No one can answer this question for you.

Some people know when it’s time, when they’ve reached a point where their disease or the pain and suffering it causes has robbed them of the quality of life they find essential.

If you decide the time is not right, that’s fine; it only means the Death with Dignity Act is working as intended because it has given you the freedom and empowerment to set your own time frame. Some people (about 1 in 3) never take the medication. Simply knowing they have this option, if they need it, gives them comfort.

What happens with unused medications?

As controlled, Schedule 2 substances, medications prescribed under death with dignity laws are regulated by federal statutes. These medications are carefully tracked from the date they are prescribed to the date the person for whom they are prescribed dies. Physicians must report all prescriptions for lethal medications to their state’s health department. Similarly, pharmacists must report on dispensing these medications. The medications must be taken by the person prescribed to; criminal penalties may ensue if another person takes them.

One in three people who obtain medications under aid-in-dying laws choose not to take them. Anyone who chooses not to ingest a prescribed dose or anyone in possession of any portion of the unused dose must dispose of the dose in a legal manner as determined by the federal Drug Enforcement Agency or their state laws, if any.

The California End of Life Option Act stipulates that, “A person who has custody or control of any unused aid-in-dying drugs prescribed pursuant to this part after the death of the patient shall personally deliver the unused aid-in-dying drugs for disposal by delivering it to the nearest qualified facility that properly disposes of controlled substances, or if none is available, shall dispose of it by lawful means in accordance with guidelines promulgated by the California State Board of Pharmacy or a federal Drug Enforcement Administration approved take-back program.”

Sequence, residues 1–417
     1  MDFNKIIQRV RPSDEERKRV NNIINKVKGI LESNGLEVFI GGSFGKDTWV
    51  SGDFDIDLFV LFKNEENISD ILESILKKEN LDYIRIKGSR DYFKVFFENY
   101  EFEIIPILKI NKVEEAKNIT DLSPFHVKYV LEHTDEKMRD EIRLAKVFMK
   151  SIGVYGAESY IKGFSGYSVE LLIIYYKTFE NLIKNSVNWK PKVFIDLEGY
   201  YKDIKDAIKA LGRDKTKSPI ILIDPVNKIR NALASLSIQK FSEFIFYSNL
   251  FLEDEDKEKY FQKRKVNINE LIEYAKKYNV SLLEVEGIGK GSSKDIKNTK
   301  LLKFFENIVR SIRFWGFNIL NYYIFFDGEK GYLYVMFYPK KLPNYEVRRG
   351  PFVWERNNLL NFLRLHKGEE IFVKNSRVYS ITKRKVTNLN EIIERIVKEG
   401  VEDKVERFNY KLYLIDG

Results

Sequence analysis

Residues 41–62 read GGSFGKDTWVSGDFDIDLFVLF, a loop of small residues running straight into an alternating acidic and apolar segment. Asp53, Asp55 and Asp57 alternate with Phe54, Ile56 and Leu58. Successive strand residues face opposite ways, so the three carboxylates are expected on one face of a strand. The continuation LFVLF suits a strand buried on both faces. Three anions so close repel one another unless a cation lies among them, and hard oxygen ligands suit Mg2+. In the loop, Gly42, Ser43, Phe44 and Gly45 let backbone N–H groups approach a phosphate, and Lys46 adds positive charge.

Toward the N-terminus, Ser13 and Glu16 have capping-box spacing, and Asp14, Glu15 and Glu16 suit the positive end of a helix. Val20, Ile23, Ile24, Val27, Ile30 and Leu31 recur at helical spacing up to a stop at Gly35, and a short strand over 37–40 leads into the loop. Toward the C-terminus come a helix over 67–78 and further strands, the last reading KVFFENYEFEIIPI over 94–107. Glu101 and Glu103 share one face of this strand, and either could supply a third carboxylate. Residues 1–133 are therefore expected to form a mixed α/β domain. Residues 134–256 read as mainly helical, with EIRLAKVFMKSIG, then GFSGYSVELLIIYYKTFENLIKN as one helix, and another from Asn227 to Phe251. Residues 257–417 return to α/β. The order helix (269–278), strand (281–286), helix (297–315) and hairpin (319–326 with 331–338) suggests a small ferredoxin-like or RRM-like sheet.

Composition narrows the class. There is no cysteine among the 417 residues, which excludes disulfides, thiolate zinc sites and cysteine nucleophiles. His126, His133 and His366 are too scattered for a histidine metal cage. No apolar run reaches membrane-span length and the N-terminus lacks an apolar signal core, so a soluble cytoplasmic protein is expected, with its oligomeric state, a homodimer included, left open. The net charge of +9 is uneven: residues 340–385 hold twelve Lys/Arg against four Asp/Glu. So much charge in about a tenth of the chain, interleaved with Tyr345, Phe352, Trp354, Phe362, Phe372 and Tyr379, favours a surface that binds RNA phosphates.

Because 9 in 10 of all patients who use the death with dignity laws are enrolled in hospice care at the time of their death, it is the responsibility of hospice to have a policy about drugs left after a patient’s death, including the legally prescribed lethal doses of medication, and to educate the deceased patient’s family about the disposal of such medications. In those few cases where the patient is not enrolled in hospice at his/her death any unused medications have been disposed of by those who are present at the time the patient dies. There have been no reported cases of misuse of the medications during the 20 years Oregon’s law has been in effect nor during the 10 years in Washington and the five years in Vermont.

The objection that simply having the lethal dose of medicine results in its misuse fails to account for any other medications patients around the country have, e.g. Oxycontin, Oxycodene, morphine, anti-depressants, sleeping sedatives, etc., all of which could be misused and in some cases are misused. The laws in the US are very clear: legally prescribed medications must be taken by the person for whom they are prescribed and it is illegal for such medications to be used by others.

What options do I have if my state does not allow physician aid in dying?

You can

  • voluntarily stop eating and drinking.
  • stop treatment or not start treatment at all. Every competent individual has a right to refuse medical therapies.
  • use palliative sedation.

Such measures can take anywhere from several days to several weeks to result in death. Stopping treatment or medication may lead to unanticipated effects or pain.

Your end-of-life concerns can also be addressed by hospice or palliative care.

Discuss your options with your physician.